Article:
Release Date: 07-19-2005 Click here for a larger view
(Honesdale, July 8, 2005)… “I’m going back to work less than three weeks later!” says 34-year-old Sharon F. about her laparoscopic supracervical hysterectomy (LSH), a minimally invasive procedure now being done at Wayne Memorial Hospital by Dr. Pedro Mencia of Women’s Health Care of NEPA. Dr. Mencia is the only obstetrician/gynecologist offering this procedure in Wayne and Pike Counties.
Sharon F. prefers not to have her last name published, but she doesn’t hesitate to speak out about her LSH surgery. “I went into the hospital on Monday and I was back home on Tuesday,” the Narrowsburg mother of two continues, “It was a piece of cake!”
“Women who require hysterectomies today have many more options,” says Dr. Mencia. “Historically, traditional abdominal hysterectomies called for four to six weeks of restricted activity after the surgery. Today, laparoscopic procedures can mean days instead of weeks to return to full activity.”
The Centers for Disease Control estimates that 600,000 hysterectomies are performed annually in the United States. It’s the second most common surgery for women. The procedure, which involves removing the uterus, can be a life-saving treatment for a woman who has uterine, endometrial or cervical cancer. For other women, it’s a treatment option that can help address symptoms affecting physical and emotional health.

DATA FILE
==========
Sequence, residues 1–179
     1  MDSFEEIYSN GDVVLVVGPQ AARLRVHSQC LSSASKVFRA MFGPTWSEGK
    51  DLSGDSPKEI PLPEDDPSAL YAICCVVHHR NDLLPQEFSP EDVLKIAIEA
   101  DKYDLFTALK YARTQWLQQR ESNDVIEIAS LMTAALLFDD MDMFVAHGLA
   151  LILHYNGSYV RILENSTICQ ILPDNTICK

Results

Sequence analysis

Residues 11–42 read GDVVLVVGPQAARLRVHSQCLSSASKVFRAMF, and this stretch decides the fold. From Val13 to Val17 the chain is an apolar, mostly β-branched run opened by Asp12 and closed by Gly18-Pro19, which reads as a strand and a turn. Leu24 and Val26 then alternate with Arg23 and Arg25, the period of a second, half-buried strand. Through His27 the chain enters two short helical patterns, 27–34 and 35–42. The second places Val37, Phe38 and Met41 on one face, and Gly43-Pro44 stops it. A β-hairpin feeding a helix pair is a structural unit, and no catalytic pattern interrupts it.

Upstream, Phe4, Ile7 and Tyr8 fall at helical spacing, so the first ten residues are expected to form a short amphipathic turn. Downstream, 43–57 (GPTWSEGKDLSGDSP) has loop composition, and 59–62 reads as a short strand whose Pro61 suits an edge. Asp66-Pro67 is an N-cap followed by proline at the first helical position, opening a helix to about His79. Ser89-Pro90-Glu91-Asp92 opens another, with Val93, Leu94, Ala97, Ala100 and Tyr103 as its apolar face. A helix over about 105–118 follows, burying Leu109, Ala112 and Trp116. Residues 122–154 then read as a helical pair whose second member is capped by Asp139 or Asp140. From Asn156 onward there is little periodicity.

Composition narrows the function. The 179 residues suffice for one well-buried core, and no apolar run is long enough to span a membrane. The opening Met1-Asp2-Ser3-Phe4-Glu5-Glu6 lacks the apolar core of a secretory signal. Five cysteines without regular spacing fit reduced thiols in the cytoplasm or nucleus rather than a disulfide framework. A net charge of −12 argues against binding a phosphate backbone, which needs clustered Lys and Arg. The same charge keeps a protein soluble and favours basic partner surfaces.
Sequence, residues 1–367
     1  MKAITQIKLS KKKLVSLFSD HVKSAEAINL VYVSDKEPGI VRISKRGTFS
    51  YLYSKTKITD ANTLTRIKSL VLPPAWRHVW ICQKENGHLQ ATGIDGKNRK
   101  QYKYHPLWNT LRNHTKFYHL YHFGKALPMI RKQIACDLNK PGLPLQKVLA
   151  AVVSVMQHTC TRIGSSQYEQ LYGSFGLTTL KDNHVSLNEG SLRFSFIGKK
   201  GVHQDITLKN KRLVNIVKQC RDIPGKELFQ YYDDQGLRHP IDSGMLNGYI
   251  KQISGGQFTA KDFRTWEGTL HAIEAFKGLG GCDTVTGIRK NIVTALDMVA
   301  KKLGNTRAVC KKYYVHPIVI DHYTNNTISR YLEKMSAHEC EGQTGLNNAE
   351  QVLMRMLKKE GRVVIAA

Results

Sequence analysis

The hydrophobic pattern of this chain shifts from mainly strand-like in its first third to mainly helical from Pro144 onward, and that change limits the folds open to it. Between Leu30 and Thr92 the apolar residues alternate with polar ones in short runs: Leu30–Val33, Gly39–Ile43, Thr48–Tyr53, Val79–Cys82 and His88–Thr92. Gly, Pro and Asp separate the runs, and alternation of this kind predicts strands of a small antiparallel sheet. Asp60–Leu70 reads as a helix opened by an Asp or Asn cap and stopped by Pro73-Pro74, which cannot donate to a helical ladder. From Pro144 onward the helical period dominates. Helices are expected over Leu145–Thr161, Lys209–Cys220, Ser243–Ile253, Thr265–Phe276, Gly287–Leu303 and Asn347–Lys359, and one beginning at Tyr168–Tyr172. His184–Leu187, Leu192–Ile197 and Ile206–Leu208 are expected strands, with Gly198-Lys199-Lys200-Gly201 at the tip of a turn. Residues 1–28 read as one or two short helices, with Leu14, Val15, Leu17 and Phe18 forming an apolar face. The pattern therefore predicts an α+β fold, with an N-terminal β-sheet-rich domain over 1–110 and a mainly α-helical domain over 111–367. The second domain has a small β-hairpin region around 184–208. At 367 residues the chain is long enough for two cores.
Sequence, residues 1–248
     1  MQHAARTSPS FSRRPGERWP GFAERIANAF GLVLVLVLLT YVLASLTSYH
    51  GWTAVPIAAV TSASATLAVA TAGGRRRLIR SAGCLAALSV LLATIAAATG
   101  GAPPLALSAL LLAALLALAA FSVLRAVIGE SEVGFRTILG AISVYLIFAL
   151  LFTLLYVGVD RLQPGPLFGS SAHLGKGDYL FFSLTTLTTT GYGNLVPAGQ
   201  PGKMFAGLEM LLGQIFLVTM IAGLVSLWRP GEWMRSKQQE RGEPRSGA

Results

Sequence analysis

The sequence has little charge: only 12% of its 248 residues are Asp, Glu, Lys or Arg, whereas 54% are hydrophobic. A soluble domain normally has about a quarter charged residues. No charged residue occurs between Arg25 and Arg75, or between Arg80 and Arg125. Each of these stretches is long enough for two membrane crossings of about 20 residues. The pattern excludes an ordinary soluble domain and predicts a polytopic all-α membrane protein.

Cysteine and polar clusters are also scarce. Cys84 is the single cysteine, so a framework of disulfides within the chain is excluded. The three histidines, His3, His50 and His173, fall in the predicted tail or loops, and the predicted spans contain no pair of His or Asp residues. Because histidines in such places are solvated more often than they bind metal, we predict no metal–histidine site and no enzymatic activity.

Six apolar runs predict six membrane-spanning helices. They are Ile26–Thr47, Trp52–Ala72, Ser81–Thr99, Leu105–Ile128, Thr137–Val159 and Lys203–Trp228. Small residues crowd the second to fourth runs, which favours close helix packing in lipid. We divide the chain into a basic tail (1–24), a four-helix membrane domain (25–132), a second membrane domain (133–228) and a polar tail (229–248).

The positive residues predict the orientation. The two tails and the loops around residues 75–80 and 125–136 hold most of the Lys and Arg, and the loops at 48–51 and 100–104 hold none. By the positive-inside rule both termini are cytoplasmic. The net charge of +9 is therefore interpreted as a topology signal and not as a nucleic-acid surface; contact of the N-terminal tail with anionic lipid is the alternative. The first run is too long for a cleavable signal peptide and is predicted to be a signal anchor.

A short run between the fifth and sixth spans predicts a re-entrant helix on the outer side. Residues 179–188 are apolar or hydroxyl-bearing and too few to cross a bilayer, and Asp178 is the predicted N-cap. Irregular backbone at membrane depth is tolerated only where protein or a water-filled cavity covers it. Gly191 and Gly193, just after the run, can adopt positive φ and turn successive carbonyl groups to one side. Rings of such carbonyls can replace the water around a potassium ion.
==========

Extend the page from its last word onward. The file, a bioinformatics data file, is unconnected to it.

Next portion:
Laparoscopic hysterectomies—LSH or Laparoscopically-assisted vaginal hysterectomy (LAVH)—usually mean less pain, a faster recovery and far less scarring. In LSVIn the “traditional” Total Abdominal Hysterectomy (TAH) procedure, the surgeon removes the uterus, including the